liquidmetal

Liquidmetal iPhone, iPad or iWatch teased as patent tips production breakthrough

Liquidmetal iPhone, iPad or iWatch teased as patent tips production breakthrough

Apple could finally use Liquidmetal for new iPhone and iPad casings, a new patent describing a fresh way of processing the high-tech "metallic glass" implies, both scratch-free and allowing for more intricate molding and designs. The company, which invested in Liquidmetal back in 2010, and renewed its exclusive rights in mid-2012, has so far only used the material for its SIM-ejector tool, because of issues in successfully producing larger sheets. However, according to the new patent, that problem could have been addressed.

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Apple grabs Liquidmetal exclusivity for another two years

Apple grabs Liquidmetal exclusivity for another two years

Apple has secured a further two year exclusivity deal for the Liquidmetal materials technology tipped to make an appearance in the 2012 iPhone refresh, government filings have confirmed. According to Liquidmetal Technologies' SEC filing, Apple's original agreement with the company back in August 2010 - and which expired in early February - has been extended until early February 2014, giving Apple alone access to any of the company's developments.

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MacBook Pro 2012 Liquidmetal integration tipped

MacBook Pro 2012 Liquidmetal integration tipped

In a not completely unfounded turn of events here this fine spring morning, we've been tipped by an anonymous Apple fan that they've seen Liquidmetal technology being used in a device much larger than an iPhone. Though such a vague tip and anonymous to boot wouldn't normally be something we'd cover, the possibility that this could be the next big MacBook Pro feature is just too perfect not to consider. With the MacBook Pro 2012 models coming sooner than later and Intel's Ivy Bridge generation of processors revealed today, could we have the whole picture here right in front of us?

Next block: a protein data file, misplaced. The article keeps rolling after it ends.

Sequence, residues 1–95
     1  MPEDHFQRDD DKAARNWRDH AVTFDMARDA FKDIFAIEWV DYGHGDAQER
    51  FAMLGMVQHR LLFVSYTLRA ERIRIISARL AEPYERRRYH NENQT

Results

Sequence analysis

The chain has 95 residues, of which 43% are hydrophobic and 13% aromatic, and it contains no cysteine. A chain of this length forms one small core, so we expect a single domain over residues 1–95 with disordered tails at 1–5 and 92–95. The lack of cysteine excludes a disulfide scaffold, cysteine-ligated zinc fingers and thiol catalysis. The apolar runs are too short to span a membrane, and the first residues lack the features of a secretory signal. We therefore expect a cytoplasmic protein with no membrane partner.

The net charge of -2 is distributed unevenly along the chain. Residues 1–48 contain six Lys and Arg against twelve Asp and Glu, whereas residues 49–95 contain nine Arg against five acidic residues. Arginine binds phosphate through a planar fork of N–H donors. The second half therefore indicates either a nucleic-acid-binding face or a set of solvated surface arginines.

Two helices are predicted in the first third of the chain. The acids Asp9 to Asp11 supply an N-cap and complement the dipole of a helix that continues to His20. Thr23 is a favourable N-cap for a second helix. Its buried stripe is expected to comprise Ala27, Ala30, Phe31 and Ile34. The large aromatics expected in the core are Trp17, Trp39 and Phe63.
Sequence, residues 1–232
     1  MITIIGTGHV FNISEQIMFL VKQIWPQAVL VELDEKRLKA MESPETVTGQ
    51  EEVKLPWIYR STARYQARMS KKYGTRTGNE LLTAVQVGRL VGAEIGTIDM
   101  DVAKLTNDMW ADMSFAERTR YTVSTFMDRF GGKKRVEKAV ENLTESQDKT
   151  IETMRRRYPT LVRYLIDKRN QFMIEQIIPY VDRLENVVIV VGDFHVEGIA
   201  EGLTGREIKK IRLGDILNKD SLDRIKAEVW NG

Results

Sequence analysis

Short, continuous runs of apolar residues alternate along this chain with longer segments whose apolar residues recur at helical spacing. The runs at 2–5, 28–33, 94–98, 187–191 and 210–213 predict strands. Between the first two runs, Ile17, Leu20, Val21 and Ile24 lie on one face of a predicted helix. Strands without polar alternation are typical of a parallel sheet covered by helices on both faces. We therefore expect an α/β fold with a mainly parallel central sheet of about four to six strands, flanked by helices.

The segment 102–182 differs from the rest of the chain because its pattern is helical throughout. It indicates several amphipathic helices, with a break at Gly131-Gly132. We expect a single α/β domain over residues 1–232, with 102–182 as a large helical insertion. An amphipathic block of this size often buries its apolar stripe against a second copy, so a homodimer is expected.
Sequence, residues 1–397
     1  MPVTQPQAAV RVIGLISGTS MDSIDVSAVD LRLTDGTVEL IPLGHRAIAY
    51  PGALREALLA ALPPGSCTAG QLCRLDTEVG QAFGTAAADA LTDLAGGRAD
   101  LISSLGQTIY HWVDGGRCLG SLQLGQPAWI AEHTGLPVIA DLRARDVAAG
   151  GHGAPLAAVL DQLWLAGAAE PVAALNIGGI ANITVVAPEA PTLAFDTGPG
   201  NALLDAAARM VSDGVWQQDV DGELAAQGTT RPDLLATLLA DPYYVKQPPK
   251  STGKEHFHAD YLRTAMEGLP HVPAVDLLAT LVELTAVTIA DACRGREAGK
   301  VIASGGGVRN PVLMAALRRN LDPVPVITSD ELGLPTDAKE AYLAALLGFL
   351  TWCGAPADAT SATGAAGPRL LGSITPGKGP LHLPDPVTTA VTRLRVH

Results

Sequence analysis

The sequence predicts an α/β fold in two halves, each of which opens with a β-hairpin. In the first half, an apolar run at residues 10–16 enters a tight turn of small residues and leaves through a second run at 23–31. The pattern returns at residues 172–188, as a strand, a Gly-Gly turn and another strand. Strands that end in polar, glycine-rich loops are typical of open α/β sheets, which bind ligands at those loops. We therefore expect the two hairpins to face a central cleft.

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SlashGear 101: Liquidmetal and Metallic Glass

SlashGear 101: Liquidmetal and Metallic Glass

This week there's quite a bit of talk surrounding Apple's newest iPhone model, likely to be called the iPhone 5, and its relation to a technology called Liquidmetal. Apple originally gained the rights to use Liquidmetal technology back in 2010, and it's basically what consists of a mixture of nickel, zirconium, titanium, and a few other metals in an alloy which makes for a damage-resistant material like no other. The term Metallic Glass has, like Liquidmetal, been associated with the next-generation iPhone as well - this term is essentially a broader term which includes mixtures that cool from a liquid to a solid without crystalizing in a "nearly random" arrangement - Liquidmetal is just one kind of Metallic Glass.

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